Province commits $1.5M to 150-bed warming centre in ‘a start,’ premier says

In what the Prime Minister says it is “a start” to helping Manitoban’s most needy.

The facility at Disraeli Fwy. 190 was born of necessity and is a step forward as the province recognizes the need for more indigenous-run, accessible support spaces to support the people, said Prime Minister Heather Stefanson when announcing the initiative on Friday morning.

“This is a critical time in our province’s history to listen, heal, and bring Manitobans together to build a healthier, stronger future for all Manitobans, especially those most in need,” said Stefanson.

“We heard from you and will take action.”

The prime minister said the $ 1.5 million was “a start” but made no commitment to long-term funding.

“We’ll see,” she said. “And as always, if there is more need, we’ll take a look.”

Stefanson made the announcement locally with Family Secretary Rochelle Squires, Grand Chief of the Congregation of Manitoba Chiefs Arlen Dumas, and End Homelessness Winnipeg CEO Jason Whitford. Two tipis and a holy fire were set up in front of the building and tobacco was shared.

<p>Premier Heather Stefanson announced $ 1.5 million in funding for a 150-bed thermal center that will begin providing day and night shelter to the homeless from December 1 </p ></p>
<p>Prime Minister Heather Stefanson announced $ 1.5 million to fund a 150-bed thermal center to provide day and night accommodation to the homeless from December 1. </p>
<p>It was important to Dumas that he would “personally acknowledge” the Prime Minister for her words and willingness to meet on the subject.			</p>
<p>“She knows that I am the person who makes sure we all honor our words,” he said, adding that the project is an example of an “innovative” solution that comes from working together.			</p>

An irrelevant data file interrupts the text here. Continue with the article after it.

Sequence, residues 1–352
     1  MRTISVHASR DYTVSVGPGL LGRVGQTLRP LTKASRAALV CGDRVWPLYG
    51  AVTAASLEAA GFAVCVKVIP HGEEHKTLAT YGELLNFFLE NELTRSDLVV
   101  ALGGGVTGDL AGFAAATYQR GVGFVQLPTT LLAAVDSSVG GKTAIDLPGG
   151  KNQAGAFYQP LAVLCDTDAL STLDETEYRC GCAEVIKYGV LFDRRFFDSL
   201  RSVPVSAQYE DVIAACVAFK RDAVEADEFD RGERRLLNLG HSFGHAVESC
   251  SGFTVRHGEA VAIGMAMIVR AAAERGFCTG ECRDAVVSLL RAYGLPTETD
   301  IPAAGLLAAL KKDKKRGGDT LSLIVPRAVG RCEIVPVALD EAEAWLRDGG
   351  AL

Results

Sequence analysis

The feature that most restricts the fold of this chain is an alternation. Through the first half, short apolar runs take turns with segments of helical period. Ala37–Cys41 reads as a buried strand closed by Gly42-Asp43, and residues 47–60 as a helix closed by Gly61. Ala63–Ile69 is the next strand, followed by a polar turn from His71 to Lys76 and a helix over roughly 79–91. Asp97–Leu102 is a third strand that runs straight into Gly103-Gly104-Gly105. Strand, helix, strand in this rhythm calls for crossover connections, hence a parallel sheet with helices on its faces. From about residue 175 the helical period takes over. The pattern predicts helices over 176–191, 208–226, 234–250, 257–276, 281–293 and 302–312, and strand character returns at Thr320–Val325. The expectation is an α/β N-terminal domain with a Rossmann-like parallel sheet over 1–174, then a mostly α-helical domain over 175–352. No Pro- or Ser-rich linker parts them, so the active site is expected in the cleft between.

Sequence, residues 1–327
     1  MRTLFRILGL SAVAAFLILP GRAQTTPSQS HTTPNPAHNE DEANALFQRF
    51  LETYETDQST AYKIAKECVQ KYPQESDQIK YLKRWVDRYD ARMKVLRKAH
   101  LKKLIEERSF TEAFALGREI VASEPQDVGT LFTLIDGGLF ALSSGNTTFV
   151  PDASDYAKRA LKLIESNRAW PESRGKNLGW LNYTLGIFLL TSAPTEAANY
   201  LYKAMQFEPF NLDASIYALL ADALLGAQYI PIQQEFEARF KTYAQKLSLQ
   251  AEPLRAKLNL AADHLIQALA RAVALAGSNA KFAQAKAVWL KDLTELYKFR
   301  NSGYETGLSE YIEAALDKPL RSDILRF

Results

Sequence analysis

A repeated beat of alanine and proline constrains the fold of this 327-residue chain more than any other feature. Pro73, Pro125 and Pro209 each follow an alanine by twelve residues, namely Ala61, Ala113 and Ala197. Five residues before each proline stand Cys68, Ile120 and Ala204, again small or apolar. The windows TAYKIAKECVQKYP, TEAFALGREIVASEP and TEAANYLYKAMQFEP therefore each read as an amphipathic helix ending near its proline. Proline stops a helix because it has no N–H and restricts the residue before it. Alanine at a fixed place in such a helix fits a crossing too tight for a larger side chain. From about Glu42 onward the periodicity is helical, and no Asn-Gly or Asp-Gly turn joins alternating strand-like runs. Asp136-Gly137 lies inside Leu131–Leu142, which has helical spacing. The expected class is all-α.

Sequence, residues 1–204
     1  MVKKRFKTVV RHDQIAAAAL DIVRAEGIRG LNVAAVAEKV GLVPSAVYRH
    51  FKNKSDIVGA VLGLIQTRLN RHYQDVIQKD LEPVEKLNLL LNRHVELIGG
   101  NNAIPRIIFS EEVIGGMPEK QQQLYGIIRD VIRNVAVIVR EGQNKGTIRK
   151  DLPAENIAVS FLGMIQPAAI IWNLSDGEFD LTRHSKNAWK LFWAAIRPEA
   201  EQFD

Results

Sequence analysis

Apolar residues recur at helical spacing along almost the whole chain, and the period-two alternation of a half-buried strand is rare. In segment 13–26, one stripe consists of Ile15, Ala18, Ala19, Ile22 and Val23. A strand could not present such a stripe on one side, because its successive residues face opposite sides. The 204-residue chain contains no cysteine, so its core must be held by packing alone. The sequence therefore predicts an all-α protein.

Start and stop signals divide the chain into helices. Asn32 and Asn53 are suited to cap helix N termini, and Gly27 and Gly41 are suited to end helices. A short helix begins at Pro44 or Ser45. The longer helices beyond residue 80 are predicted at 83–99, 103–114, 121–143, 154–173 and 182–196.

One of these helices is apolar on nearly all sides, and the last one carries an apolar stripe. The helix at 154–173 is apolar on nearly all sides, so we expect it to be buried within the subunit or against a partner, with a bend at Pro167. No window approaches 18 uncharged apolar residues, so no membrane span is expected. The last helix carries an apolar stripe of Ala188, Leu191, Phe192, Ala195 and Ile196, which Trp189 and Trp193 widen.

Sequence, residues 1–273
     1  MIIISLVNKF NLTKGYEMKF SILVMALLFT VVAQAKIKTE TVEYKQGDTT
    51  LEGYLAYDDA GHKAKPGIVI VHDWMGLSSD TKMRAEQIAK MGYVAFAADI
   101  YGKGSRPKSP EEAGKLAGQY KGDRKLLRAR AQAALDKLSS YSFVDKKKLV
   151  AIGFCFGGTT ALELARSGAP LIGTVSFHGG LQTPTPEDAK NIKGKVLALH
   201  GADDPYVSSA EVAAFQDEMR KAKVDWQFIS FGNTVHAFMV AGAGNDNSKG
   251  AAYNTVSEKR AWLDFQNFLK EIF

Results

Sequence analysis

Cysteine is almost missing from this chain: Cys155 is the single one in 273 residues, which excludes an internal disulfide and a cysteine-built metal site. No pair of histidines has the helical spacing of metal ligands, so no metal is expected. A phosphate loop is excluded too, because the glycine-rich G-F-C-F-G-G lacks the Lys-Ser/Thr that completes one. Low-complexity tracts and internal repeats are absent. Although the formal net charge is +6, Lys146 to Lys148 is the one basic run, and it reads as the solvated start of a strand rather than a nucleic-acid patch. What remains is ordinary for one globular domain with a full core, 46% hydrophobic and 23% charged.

<p>“I would very much like to introduce many more of these solutions to our premieres and their team, as well as any other ready partners we have.  Turning off the heat in bus stops is not one of these strategies. Uncomfortable places for people who are literally in a bad situation are not acceptable.  We have to find innovative ways. ”			</p>
<p>In 2019, AMC partnered with End Homelessness Winnipeg in an attempt to understand how many Indigenous people in Manitoba are homeless inside and outside the reserve and what brought them there.			</p>
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Whitford, who worked for AMC for many years, pointed to the complex roots of homelessness and said the organization has found that about half of Winnipeggers currently homeless are in the child welfare system.

“It’s a sad state of affairs,” he said. “This initiative was born out of necessity. There is still a lot to be done in this area. There is a lot of innovative work that we can do.”

Squires, who was asked about safe injection sites and what the government is doing to combat addiction, said she knew housing and addiction are complex issues that need to be addressed. And she stressed the disproportionate impact on indigenous peoples.

“We must work and work together to end homelessness among all Manitobans (and especially indigenous peoples across the province),” she said.

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Twitter: @thatkatiemay

Katie May


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